Question: Is there a way to reverse a cavity without getting it filled?
Answer: Maybe. But, first a disclaimer. If you have or think you have a cavity or any other oral health problem, see your dentist for diagnosis and treatment. (don’t rely on something you read on the Internet – even here at this excellent site)
You may have heard of people talk about the fact that cavities can reverse or go away. You may even have had such an experience yourself.
There may be a point in the progression of a cavity where it becomes impossible to reverse the decay. Yet, there is such a thing as reversible pulpitis. With this condition, the enamel may have softened a bit and the very beginning stages of cavity formation may have commenced.
You can read about reversible pulpitis and you will find two things. Some sources will gloss over the fact that reversible pulpitis can heal with no permanent effects and without professional intervention.
However, you may run into a dentist that believes a RP should be drilled and filled. You may have to deal with such a situation and you will have to decide wether you need a second professional opinion or not.
When I faced such a situation, I changed dentists and six months later, there was no cavity to be found.
The question becomes, is there anything you can do to cause a reversal of the enamel softening and prevent the formation of irreversible pulpitis?. Good Question. The answer is maybe.
Facts first: In 1991 a study was done at a dental school in Israel. You can find and read this study for yourself -(PMID 1762023). In this study, the researchers purposely softened tooth enamel in subjects via exposure to a cola drink.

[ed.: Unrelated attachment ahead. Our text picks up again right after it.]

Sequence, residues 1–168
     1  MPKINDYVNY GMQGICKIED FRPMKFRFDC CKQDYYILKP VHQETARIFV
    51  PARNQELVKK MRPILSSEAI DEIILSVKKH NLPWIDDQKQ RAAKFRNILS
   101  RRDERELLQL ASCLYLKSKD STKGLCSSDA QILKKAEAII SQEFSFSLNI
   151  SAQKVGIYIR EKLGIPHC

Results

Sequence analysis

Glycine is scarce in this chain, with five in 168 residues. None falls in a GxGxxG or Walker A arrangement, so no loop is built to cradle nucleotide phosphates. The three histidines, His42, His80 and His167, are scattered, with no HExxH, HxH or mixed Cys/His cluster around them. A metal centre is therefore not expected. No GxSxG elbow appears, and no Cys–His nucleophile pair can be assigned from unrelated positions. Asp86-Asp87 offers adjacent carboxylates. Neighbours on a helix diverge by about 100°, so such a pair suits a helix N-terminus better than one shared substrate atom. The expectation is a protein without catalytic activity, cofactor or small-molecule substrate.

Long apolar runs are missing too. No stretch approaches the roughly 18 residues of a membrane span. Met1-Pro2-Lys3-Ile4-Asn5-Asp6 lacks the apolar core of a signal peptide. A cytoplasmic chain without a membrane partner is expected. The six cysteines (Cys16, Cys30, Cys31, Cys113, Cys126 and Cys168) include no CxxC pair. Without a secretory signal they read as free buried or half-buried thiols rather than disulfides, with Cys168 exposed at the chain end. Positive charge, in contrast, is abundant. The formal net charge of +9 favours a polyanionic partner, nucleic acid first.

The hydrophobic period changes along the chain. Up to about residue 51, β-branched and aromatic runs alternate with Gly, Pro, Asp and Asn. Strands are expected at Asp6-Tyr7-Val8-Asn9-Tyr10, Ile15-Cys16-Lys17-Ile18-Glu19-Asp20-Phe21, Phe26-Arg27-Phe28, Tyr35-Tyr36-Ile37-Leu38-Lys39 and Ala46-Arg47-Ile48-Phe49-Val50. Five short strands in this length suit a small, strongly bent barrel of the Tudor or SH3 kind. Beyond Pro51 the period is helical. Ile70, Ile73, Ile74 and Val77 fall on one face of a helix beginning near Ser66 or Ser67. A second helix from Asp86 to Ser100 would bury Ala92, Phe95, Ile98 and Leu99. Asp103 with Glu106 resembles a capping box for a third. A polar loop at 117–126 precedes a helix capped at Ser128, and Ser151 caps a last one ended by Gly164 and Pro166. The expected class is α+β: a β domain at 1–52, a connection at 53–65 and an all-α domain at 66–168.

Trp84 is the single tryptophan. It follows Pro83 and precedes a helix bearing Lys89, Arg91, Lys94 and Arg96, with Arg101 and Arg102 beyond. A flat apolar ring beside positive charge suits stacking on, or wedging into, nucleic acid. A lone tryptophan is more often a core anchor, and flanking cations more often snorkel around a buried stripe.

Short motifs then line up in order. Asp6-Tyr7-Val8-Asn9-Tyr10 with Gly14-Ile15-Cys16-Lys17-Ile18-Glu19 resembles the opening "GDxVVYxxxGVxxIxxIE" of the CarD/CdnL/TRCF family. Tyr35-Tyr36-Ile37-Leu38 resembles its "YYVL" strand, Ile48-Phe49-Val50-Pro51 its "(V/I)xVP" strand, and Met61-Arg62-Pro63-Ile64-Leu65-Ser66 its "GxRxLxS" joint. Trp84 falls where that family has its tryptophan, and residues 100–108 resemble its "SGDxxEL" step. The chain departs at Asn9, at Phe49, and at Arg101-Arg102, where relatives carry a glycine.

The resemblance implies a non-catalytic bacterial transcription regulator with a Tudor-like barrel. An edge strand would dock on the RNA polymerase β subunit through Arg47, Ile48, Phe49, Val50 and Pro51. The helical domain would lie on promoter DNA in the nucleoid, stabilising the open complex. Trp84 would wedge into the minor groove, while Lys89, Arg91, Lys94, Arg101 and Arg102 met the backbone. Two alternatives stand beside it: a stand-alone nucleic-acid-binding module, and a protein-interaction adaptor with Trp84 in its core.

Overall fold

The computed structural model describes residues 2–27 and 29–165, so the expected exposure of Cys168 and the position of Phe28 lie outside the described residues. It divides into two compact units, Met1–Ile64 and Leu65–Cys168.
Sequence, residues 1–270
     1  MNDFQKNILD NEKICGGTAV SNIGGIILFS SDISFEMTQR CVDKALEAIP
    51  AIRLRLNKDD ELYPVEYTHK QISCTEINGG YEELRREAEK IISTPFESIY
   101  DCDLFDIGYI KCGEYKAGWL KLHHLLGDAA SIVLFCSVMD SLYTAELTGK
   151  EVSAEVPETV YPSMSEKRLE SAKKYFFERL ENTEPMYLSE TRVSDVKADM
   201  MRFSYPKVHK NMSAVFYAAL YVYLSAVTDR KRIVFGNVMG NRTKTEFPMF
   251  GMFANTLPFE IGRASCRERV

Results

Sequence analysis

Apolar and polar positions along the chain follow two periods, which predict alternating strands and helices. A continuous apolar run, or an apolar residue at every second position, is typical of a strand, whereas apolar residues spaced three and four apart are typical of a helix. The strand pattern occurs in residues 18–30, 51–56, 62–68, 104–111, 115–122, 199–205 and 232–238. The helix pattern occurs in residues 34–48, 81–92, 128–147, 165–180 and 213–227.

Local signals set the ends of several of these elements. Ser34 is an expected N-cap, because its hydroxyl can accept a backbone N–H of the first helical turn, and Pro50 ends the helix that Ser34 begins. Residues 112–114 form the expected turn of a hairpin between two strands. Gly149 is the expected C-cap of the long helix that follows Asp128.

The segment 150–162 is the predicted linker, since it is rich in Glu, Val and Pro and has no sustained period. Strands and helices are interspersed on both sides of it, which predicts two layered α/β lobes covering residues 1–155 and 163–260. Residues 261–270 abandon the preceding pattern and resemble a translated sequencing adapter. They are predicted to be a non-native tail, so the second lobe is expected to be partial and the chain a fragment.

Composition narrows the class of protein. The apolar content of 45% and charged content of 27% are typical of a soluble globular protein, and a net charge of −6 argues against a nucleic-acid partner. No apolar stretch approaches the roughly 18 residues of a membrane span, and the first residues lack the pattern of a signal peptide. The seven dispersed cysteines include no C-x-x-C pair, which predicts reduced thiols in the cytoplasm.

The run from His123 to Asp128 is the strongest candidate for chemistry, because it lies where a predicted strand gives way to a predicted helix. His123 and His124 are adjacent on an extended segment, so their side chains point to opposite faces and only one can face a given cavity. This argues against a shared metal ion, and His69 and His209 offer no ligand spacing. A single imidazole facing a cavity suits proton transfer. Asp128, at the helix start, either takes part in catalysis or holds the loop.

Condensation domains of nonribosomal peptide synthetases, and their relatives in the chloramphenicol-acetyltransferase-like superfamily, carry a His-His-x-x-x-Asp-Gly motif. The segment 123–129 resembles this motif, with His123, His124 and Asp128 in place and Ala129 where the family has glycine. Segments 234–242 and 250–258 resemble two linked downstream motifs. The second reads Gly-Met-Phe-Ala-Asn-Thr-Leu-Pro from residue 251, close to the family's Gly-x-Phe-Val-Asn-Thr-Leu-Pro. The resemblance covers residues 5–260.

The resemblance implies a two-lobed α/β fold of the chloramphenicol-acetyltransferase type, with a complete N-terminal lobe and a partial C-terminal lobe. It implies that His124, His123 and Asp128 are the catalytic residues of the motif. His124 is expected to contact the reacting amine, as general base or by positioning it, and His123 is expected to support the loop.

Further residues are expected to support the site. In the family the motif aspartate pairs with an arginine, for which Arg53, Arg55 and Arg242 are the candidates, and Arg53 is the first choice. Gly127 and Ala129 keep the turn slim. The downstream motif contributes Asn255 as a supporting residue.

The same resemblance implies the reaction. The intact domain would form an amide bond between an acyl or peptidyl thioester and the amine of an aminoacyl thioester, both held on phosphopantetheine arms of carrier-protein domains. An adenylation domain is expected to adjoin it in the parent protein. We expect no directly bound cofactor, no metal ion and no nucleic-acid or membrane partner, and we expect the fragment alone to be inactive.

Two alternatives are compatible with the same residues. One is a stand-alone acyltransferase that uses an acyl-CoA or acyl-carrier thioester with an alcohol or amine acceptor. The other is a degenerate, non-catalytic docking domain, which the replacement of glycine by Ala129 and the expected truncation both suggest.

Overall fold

You may have heard that some colas can eat the paint off your car if left on there too long.
The good scientists conducting the study then verified via Scanning Electron Microscopy (SEM) That the enamel had been softened and damaged.
Then they had their ‘victim’ eat hard cheese. How much and how often or how long is not mentioned in the study. They found significant hardening of the tooth enamel on a subsequent SEM.
This is a study that has been done at a Medical / Dental University.
I recently had a spot were I was feeling a little pain when I probed the side of a tooth with a metal instrument. I thought it would be cool to test this cheese thing and find out if it would work for me or not. It took several days of chewing on cheese every so often.
I even tried to let my saliva break down the cheese and swish the liquid around the tooth in question. After a while of doing this, the pain on my tooth subsided.
Now, I’m not making any claims here at all. Maybe it wasn’t even a reversible pulpitis. Maybe something else was responsible for making the pain go away. As I mentioned before, if you have or think you have a cavity or any other oral health issue, contact your dentist for diagnosis and treatment.
I guess if you have a sweet tooth, it might be helpful to eat some hard cheese along with your candy?
I simply enjoy writing about this kind of stuff. If you have a question. Ask Dave a Question.